The National Infrastructure Commission (NIC) has backed the calls of a select committee to urge the government to be even more ambitious when encouraging take-up of electric vehicles.
A report, put together by the influential select committee, wants to see the ban on petrol and diesel vehicles brought forward from 2040 to 2032, calling the government’s current plans “vague and unambitious.”
This would ensure that 100% of electric car and van sales arrive eight years earlier than originally planned.
Even more pressing, the select committee has warned the government that current charging infrastructure is lacking and “not fit for purpose.”
It is an area that the government has pledged to improve, and was one of a number of initiatives pledged at the Zero Emission Vehicle (ZEV) Summit in Birmingham in September.
By encouraging the government to do more to ensure only electric vehicles are sold into the market sooner rather than later, the select committee has mirrored the views of the NIC’s own National Infrastructure Assessment (NIA).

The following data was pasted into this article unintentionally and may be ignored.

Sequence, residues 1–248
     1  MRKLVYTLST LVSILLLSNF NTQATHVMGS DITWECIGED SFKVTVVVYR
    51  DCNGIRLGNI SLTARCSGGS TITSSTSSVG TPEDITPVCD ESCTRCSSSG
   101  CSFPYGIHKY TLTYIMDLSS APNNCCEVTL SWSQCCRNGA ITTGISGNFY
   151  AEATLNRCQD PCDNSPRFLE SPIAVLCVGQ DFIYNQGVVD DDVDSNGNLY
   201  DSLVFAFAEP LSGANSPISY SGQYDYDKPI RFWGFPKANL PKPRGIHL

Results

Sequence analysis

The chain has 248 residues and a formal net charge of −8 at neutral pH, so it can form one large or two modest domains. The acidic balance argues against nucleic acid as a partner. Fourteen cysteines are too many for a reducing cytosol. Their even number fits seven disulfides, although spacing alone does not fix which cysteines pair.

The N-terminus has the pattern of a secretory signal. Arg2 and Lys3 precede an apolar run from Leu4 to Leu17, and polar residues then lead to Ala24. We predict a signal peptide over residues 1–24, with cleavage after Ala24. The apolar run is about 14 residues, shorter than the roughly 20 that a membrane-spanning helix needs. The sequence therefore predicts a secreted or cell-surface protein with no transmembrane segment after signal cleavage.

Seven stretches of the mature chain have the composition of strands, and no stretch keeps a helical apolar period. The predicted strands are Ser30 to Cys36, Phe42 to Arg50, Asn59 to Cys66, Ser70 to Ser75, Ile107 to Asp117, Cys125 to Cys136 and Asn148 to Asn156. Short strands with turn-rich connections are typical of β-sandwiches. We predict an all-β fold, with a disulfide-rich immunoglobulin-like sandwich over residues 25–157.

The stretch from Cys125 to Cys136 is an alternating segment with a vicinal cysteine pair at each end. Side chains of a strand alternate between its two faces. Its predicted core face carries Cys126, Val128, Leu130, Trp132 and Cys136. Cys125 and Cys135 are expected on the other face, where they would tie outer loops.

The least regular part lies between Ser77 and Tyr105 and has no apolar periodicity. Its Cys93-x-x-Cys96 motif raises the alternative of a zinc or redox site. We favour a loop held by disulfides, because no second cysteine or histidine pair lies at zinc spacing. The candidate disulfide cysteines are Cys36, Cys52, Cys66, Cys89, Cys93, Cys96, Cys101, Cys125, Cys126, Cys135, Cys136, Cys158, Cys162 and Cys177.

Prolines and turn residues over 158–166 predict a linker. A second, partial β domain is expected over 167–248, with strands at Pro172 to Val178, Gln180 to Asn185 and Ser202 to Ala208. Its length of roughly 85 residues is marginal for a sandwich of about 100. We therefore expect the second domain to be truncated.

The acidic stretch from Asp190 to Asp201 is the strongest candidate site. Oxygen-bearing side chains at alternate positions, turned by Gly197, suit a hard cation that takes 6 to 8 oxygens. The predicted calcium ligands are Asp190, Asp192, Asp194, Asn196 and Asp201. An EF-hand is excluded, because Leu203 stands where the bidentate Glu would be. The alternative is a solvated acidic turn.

A first for the UK, the NIA highlights the need for a national, visible charging network, to be funded by both the government, and through councils.
The recommendations in the NIA should be in place in order for 100% electric car and van sales to be possible by the end of the next decade.
And a spokesperson for the NIC said: “With more drivers making the switch from petrol and diesel to electric cars each year, the committee are right to highlight the need for action now so that our infrastructure doesn’t dampen this growing demand.
“Through our National Infrastructure Assessment, we recommended the government work with Ofgem and local authorities to create a truly national, visible charging network and ensure people can make the switch confident they will be able to charge their cars during or at the end of their journey – wherever in the country that is.”